· Connection

Whether through friends, family, partners, or spirituality, each of us needs a strong sense of connection to the world around us.   It is easy to get caught up in the drama of our professional lives and forget to nurture the other relationships that are essential for our wellbeing.   It is through these that we practice receiving love and support.  Many healthcare workers find it much easier to give rather than receive in their relationships and they often give until they are depleted.  In the end, giving and receiving must be in balance. 

The work we do is vital.  It can be emotionally and physically taxing, but it doesn't have to be personally harmful.  It we pay attention to our needs, acknowledge the other people in our lives, and monitor how smoothly we move through our day, we can create a professional life that is not only rewarding but sustainable as well.   


When the Crisis Lasts a Lifetime: HIV, Burnout, and Emotional Survival

Living with HIV creates one stressful event after another: anxiety about getting tested, dealing with news that one is positive, when to start medications, dealing with anxiety, depression and stigma…The list is endless.  It is critical that we learn how to manage these feelings because the toll created by chronic stress is directly related to a drop in CD4 counts.

At the recent Positive Living 15 conference in Fort Walton Beach, I gave this presentation on some ways to cope.  Here is a pdf verson of my presentation:

Download Positive Living 2012

The slides explain how stress impacts the body, symptoms, and tools to address them, including gaining a sense of optimism, improving interpersonal skills, identifying and appropriately expressing feelings, and most important, getting connected to others with whom you can give and receive support.  

Emotional survival with HIV is certainly possible but doesn't come without work, commitment, and sharing the experience with others.

The Endangered Wonder of the Positive Living Conference, and Why It Matters for Our Patients


Every spring, on the white, sandy beaches of the Florida Panhandle, an unlikely gathering takes place. On that narrow strip of land, between the Gulf of Mexico and Choctawhatchee Bay, 450 HIV-positive men and women from around the country, but mostly from the Southeast, come together amidst occasional spring breakers for a weekend of socializing, education, some silliness, a few tears, and just plain fun.

This year, the Positive Living conference turned 14, an extraordinary success by any measure, but even more poignant because it is the only remaining large-scale conference for persons living with HIV. It is a remarkable blend of individuals: Those who are well-known for their work in the field mix easily with positive men and women who may never have seen the ocean, or been able to spend a weekend by themselves at a hotel, or (most certainly) been around so many other positive individuals in one place.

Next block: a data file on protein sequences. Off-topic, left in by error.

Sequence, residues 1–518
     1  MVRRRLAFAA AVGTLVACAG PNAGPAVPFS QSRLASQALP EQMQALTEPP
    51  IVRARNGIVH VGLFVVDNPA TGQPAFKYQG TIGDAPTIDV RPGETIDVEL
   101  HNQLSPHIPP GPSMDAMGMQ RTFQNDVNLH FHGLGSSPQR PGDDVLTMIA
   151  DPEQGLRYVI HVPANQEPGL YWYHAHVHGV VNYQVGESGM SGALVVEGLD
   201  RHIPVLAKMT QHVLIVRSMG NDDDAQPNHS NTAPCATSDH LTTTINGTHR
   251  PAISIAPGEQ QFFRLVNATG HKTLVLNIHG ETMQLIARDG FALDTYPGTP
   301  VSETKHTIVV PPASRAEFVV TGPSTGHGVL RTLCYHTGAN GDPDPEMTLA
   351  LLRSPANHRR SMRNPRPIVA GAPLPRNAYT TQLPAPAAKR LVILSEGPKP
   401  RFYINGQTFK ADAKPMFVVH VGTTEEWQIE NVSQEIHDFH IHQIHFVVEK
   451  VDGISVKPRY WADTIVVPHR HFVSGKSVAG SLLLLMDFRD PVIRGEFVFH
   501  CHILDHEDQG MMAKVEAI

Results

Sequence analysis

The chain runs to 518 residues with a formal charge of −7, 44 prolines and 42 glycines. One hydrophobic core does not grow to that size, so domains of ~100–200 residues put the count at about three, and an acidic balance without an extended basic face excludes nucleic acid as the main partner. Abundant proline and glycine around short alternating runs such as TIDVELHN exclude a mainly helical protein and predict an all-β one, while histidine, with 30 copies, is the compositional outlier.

I am always struck by the rich amount of valuable information available for both attendees and presenters. Tom Liberti, Florida's HIV/AIDS Bureau Chief, gives an annual review on the state of affairs, especially poignant this year because of the AIDS Drug Assistance Program crisis. There are medication updates and workshops on mental, physical and spiritual health. There is a daylong AdvocacyU workshop, where attendees learn how to use their voices to advocate on their own behalf.

And there is history. Until his death, Martin Delaney never missed Positive Living. And this year, as Martin Delaney did in years past, Paul Kawata, the executive director of National Minority AIDS Council, gave a keynote that captured a long-term view of HIV — where we have been, our successes, our setbacks, our power, and the many struggles to come.


The heart of the conference lies with the participants, and it is here that the immense benefit for one's clients living with HIV can be clearly seen. Most receive scholarships, which pay for the beachfront hotel rooms and meals. Many are from the rural South and simply don't have adequate access to medical resources — or, for that matter, each other. Positive Living fosters the formation of networks for both medical and social support; but mostly, at least for a few days, it normalizes the stigma of living with HIV. For one brief weekend, everyone is HIV positive (or a very close ally). One can feel a sense of joy and freedom in sharing this physical and emotional space.

The very existence of this conference is a tribute to the vision and hard work of Butch McKay, the executive director of a relatively tiny agency, Okaloosa AIDS Support and Informational Services, Inc. McKay and a handful of staff raise the necessary funds and organize this event with a mastery and focus that have a sense of life or death. And there is no doubt that Positive Living enhances, and even saves, the lives of persons living with HIV.

But the conference itself, like others before it, is at risk. Every year, fundraising is more difficult even as the need grows. Across many states vital programs are being cut, individuals are struggling with fewer resources, and bureaucratic shifts resulting from budget cuts make maneuvering the system, and surviving, that much harder. We witness our clients struggling with these issues every day.

It's easy to see why such events have disappeared. They require extraordinary determination to bring them to life, and the costs are daunting. But their demise represents one more great loss attributable to this virus. Without such gatherings, persons living with HIV have one less resource by which they can remain educated, connected, empowered and even sustained.

Too often we allow ourselves to focus on the objective data of HIV: CD4 counts, viral loads and years since diagnosis. Events such as Positive Living heal at a deeper, more subjective level: the spirit. They renew our determination as providers and they reenergize our clients' ability to integrate healing at multiple levels. For all this and more, they are well worth fighting for.

Volunteering Can Make You Healthy and Happy


Did you know that giving your time and effort on behalf of someone else can actually improve your mood and overall health?  Although it sounds too good to be true, that is the conclusion of a number of studies on a variety of populations from around the world.  Scientists are still unraveling the specifics, but there are some intriguing clues documenting the health benefits of volunteering.